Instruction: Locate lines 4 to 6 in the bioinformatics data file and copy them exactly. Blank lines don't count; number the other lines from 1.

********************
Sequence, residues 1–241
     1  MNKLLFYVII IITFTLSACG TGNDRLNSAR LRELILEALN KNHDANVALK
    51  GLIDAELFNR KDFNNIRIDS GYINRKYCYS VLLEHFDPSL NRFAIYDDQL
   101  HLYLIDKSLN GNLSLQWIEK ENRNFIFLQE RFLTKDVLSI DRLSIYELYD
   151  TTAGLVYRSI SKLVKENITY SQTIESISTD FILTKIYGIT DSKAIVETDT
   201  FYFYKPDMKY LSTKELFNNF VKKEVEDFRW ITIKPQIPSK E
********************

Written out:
   101  HLYLIDKSLN GNLSLQWIEK ENRNFIFLQE RFLTKDVLSI DRLSIYELYD
   151  TTAGLVYRSI SKLVKENITY SQTIESISTD FILTKIYGIT DSKAIVETDT
   201  FYFYKPDMKY LSTKELFNNF VKKEVEDFRW ITIKPQIPSK E